For instance, the defense in front of Miller last season wasn’t nearly as effective as the defense in front of Thomas. Also, Miller’s season was shortened by injury last year, and his ankle wasn’t completely healed when he came back to help bolster Buffalo’s dwindling playoff hopes. He played through the pain and still compiled very good statistics, a testament to his toughness.
Not only did he play fewer games (which could equal more freshness than Thomas at the outset of camp), but he is also six years younger than his Boston counterpart, and weighs 35 less pounds than Tim, which could help his mobility. He also is two inches taller, which translates into a wider reach and theoretically more range.
Needless to say, the US team could do a heck of a lot worse than these two players in net, and it should be an interesting positional battle.
5. Is Ryan Kesler’s Guarantee of a Medal/Defeat of Canada A Bunch of Hot Air, or a Likely Outcome?
When being interviewed by Greg Wyshynski’s Puck Daddy blog on Yahoo!, Kesler guaranteed not only that the US would beat Canada at the Vancouver Olympics, but that the US team would also get a medal out of the 12-team field.
These words may seem overly bold for a team that finished 6th out of 12 teams in Torino, but they very well could be backed up. A new crop of American players have begun to come into their own in the NHL, and with youth hockey flourishing in this country, the flow of players will continue to grow.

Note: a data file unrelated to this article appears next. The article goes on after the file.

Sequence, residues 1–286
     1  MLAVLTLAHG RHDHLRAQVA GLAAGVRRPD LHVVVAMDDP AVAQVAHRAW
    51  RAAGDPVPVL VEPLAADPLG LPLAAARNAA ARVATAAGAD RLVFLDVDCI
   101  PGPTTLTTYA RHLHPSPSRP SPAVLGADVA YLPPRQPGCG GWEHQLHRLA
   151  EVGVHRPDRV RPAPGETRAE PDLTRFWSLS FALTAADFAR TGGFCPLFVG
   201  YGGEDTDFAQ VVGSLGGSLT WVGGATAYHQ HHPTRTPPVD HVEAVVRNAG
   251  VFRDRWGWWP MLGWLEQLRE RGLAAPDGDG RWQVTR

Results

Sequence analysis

Granted, a lot of the teams will be boasting All-Star caliber starting line-ups, like Canada and Russia, but outside of those two teams, the competition is at a pretty even level with the US. Defending gold medalists Sweden will provide a daunting challenge, and Norway and the Czech Republic will also provide an interesting competition for the young US team.
Now that I’ve gone over five of the questions surrounding the upcoming Orientation Camp, this is the time where you, the reader, have the ability to ask your own questions.
I will be representing The Hockey Writers at this camp, and will have full press access to players, coaches, and front office personnel. If you have questions that you would like me to ask of anyone at the camp, feel free to either comment on this article, or email me at email@example.com. Make sure to put “Olympic question” in the subject line so that I know you’re not a spam artist. Thanks for the help!